David Treece is Camoens Professor of Portuguese in the Department of Spanish, Portuguese and Latin American Studies at King’s College London, where he directed the Centre for the Study of Brazilian Culture and Society from 1996 to 2010. He is the author of Exiles, Allies, Rebels: Brazil’s Indianist Movement, Indigenist Politics, and the Imperial Nation-State (Greenwood), the co-author of The Gathering of Voices: the twentieth-century poetry of Latin America (Verso, 1992), and has been co-editor of the Journal of Latin American Cultural Studies and Portuguese Studies journal. Between 1984 and 1987 David worked on indigenous land rights issues for the NGO Survival International. From the early 1990s he worked on modern Brazilian poetry and fiction and their translation. Since 2000 his work has concentrated on Brazilian popular music, and the culture and politics of race and Afro-Brazilian identity. His book Brazilian Jive: From Samba to Bossa and Rap (Reaktion) brings together these most recent research interests. David sings with the Brazilian vocal group Nossa Voz.
Cathy McIlwaine is Professor of Development Geography in the Department of Geography, King’s College London. Her research focuses on gender and development issues in the global South, and on transnational migration in London with a specific focus on the Latin American community from the perspective of livelihoods, citizenship and gender-based violence. She is also increasingly working on the role of the arts in research on marginality. She is currently working on a project on Violence Against Women and Girls among Brazilian migrants in London and Rio de Janeiro (funded by ESRC) and another on the experiences of migrant women and VAWG in London, both with the Latin American Women’s Rights Service. She has published eleven books including Dores que Libertam: Falas de Mulheres das Favelas sa Mare, no Rio de Janeiro sobre Violencias (Appris Editora) and Cities, Slums and Gender in the Global South (Routledge), and over 40 journal papers. She is a trustee at the charity, Latin Elephant and an advisor for the Latin American Women’s Rights Service. Websites: https://www.kcl.ac.uk/people/cathy-mcilwaine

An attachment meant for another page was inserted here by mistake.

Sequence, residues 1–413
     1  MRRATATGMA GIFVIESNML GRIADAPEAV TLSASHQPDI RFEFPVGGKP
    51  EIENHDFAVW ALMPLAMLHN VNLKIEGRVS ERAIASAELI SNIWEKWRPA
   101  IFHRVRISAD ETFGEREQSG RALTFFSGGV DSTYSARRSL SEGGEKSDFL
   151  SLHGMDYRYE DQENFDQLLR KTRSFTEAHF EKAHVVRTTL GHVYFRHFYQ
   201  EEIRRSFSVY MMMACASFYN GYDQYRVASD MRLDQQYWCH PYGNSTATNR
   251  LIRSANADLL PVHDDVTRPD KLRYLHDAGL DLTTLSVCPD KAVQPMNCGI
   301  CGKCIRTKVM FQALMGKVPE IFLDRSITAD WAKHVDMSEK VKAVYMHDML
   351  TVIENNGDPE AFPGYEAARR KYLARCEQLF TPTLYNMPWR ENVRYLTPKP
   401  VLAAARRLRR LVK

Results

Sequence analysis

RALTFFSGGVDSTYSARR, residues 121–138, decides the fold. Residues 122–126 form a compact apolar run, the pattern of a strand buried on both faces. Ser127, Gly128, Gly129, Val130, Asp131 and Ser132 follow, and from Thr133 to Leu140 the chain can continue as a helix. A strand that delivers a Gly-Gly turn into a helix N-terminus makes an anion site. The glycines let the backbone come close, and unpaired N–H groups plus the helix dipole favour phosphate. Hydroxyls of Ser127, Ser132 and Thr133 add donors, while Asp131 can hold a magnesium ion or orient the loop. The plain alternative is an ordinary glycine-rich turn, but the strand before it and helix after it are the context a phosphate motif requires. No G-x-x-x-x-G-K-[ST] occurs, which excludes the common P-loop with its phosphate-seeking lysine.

David Lehmann (Company Secretary) is a social scientist who has worked all his life on and in Latin America, writing on subjects such as agricultural development, religion and multiculturalism. He has worked in Chile, Ecuador, Mexico and Brazil and has accumulated a wide-ranging knowledge of peoples, histories and ideas over several decades. He travels to the region at least once every year and maintains a wide range of active contacts. David has also taught for several decades at the University of Cambridge and has held visiting positions at universities in Ecuador, Brazil, France, Spain and Israel. David has been active in movements for the defence of human rights, especially in Chile. David’s main works on Latin America are Democracy and Development in Latin America: Economics, politics and religion in the post war period, and Struggle for the Spirit: popular culture and religious transformation in Brazil and Latin America. In 2007 he began to work on multiculturalism and affirmative action policies in Brazil, Mexico and Peru. His latest project is about the building of a new Temple of Solomon in São Paulo by the Universal Church of the Kingdom of God. He posts information about his work at: www.davidlehmann.org/adlehman
Shafik Meghji is a travel writer, journalist and editor based in south London. He is the author of Crossed Off The Map: Travels in Bolivia. After graduating from the University of Warwick in Politics and International studies, he won the Scott Trust Bursary to study a postgraduate diploma in newspaper journalism at City University, London. Shafik subsequently worked as a news and sports reporter for the Evening Standard and wrote for newspapers such as the Guardian and the Independent. A former resident of Buenos Aires, he has co-authored more than 20 guidebooks, including the Rough Guides to Argentina, Bolivia, Chile, Costa Rica and Ecuador, as well as the Buenos Aires Essential Guide app. His travel writing has been published in several anthologies, and he writes regularly for newspapers, magazines and websites around the world, including the South China Morning Post. Shafik is an editorial consultant for Amnesty International UK, a fellow of the Royal Geographical Society and a member of the British Guild of Travel Writers. He blogs at www.unmappedroutes.com and tweets @ShafikMeghji.